Solar roads could be a step in that direction. Roads, sidewalks and parking lots cover massive areas. Using them to generate power means less environmental disturbance, as no new land is needed to house solar power operations.

A French company, Colas, is working with the French National Institute for Solar Energy to test its Wattway technology under various conditions, with a goal of covering 1,000 kilometres of existing highway with thin, durable, skid-resistant crystalline silicon solar panel surfacing over the next four years. They estimate that could provide electricity for five million people. Although critics have raised questions about cost and feasibility, it’s not pie-in-the-sky. The technology is being tested and employed throughout the world.

Rooftops are another place to generate power using existing infrastructure. Elon Musk’s company, Tesla, is making shingles that double as solar panels. Although they cost more than conventional asphalt shingles, they’re comparable in price to higher-end roof tiles and can save money when you factor in the power they generate.

These developing technologies show that, as the world continues to warm, we can and must move beyond our outdated ways. In Canada and elsewhere, the political approach to climate change has often been to avoid discussing it – in part, by firing government scientists or vetting their public statements – and maintaining the status quo by lavishly supporting unproven and risky technologies like carbon capture and storage that keep us tied to fossil fuels for years to come. It’s nonsensical to dig up and melt oilsands bitumen, transport and burn it and attempt to capture the emissions and stick them back in the ground where nature had already stored the carbon. Nature took millions of years to do it, but we aren’t a patient animal.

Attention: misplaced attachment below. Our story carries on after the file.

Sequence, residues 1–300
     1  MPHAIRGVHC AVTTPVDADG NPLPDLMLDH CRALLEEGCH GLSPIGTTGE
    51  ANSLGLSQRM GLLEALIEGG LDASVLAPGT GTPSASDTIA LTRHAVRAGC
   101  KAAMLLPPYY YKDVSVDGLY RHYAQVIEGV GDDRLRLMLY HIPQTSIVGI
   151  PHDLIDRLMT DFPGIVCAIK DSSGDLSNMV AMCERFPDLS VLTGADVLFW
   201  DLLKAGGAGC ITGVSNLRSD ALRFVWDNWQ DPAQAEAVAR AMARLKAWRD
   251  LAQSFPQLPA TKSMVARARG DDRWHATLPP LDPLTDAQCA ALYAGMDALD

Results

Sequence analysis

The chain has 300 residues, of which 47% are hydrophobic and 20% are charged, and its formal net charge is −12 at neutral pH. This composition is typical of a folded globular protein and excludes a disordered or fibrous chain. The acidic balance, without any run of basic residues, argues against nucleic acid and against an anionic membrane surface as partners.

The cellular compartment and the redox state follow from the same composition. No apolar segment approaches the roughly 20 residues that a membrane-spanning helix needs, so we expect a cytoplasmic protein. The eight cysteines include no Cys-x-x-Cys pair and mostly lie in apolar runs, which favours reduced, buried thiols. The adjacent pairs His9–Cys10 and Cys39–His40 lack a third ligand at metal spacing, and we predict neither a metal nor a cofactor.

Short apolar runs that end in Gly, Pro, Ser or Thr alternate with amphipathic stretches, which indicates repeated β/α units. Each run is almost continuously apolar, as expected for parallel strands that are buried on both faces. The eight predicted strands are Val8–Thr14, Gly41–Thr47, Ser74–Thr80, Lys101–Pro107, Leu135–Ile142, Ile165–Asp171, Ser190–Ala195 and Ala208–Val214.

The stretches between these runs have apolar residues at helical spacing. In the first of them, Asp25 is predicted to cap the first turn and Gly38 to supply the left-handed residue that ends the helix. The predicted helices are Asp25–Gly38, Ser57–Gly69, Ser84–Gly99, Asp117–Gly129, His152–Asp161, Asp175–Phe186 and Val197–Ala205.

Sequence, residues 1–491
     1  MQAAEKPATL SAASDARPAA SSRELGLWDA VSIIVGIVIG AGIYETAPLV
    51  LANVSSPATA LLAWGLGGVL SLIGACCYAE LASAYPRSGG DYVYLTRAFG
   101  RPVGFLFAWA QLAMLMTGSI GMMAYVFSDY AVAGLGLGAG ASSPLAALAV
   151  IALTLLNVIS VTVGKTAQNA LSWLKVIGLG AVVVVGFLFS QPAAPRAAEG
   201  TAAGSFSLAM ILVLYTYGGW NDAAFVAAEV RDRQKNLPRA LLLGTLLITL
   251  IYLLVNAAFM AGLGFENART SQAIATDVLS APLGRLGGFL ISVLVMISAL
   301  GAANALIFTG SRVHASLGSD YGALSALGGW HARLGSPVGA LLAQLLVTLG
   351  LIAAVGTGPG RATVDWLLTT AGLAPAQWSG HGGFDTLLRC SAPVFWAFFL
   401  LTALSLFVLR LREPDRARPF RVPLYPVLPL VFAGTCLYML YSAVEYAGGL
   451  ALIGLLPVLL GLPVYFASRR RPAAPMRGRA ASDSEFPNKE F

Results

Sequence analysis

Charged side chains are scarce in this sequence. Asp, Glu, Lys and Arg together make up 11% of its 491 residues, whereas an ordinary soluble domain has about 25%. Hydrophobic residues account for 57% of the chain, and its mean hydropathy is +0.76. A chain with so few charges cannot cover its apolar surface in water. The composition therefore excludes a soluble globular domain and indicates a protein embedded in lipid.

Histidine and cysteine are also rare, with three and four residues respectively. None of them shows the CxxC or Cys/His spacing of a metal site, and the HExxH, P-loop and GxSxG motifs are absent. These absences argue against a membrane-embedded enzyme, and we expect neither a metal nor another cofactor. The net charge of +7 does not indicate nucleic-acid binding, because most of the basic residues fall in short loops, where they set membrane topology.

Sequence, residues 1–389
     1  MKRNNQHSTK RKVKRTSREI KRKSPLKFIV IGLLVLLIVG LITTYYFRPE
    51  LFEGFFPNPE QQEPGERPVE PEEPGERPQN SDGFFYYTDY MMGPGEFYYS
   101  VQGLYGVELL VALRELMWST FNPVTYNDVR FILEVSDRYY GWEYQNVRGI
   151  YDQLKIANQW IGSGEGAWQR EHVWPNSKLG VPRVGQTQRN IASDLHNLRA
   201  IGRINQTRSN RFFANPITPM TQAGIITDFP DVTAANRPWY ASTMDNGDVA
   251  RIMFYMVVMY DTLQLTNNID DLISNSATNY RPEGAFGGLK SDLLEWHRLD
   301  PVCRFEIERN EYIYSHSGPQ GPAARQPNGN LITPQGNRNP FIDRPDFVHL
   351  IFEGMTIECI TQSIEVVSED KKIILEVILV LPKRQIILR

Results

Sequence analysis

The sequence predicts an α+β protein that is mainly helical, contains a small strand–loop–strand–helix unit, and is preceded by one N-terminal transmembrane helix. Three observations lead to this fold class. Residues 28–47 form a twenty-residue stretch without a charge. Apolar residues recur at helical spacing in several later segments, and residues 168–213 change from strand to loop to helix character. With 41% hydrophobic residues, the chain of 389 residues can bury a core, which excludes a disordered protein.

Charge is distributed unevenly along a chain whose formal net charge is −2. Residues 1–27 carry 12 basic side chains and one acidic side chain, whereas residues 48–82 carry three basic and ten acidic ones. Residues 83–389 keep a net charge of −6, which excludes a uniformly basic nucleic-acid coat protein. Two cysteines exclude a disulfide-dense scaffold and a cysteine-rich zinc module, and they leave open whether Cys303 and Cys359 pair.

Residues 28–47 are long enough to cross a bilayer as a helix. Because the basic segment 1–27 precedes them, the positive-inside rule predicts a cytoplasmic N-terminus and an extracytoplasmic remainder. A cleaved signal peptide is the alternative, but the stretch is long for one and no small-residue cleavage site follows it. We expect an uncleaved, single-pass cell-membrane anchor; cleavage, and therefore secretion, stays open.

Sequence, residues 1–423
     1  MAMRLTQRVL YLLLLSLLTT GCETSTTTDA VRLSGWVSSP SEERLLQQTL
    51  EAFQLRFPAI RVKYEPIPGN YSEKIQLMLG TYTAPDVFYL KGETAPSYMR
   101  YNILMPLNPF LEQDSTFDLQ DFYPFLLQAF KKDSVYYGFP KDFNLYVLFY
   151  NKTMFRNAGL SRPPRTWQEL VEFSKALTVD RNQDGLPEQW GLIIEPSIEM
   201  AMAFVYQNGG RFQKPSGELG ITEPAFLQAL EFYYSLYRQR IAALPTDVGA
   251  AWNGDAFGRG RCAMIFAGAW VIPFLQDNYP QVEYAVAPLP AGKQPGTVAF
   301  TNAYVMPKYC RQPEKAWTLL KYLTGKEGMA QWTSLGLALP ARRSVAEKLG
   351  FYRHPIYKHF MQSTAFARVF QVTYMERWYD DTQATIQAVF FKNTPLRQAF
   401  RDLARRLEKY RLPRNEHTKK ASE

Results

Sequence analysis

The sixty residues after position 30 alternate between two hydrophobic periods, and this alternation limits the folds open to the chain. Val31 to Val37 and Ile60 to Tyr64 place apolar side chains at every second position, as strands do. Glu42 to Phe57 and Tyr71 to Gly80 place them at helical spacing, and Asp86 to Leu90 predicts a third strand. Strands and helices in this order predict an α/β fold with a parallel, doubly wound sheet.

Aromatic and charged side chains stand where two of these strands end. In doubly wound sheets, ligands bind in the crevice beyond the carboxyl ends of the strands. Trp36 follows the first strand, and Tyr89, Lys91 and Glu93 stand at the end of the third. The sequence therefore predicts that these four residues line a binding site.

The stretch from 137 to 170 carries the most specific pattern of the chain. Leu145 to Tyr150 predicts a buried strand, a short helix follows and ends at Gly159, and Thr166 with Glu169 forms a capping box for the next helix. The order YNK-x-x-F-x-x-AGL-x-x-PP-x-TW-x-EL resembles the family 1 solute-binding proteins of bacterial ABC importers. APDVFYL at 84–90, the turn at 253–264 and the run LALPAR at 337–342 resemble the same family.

US science writer Janine Benyus coined the term “biomimicry” to describe technologies based on nature’s ability to solve problems or exploit opportunities. It’s an important concept because it requires humility and respect for natural processes rather than the imposition of our crude, but powerful, technological innovations.

Every species shares the same challenges: how to get energy and food, avoid predators and disease (even bacteria get viral infections), what to do with waste and how to reproduce. Over long periods, numerous strategies to solve these challenges have evolved. We are a species magnificently adapted for survival, with a massive brain relative to our body size. Unlike any other species, we have the ability to ask questions and seek answers. We can find a treasure trove of solutions in the ways other species have dealt with challenges.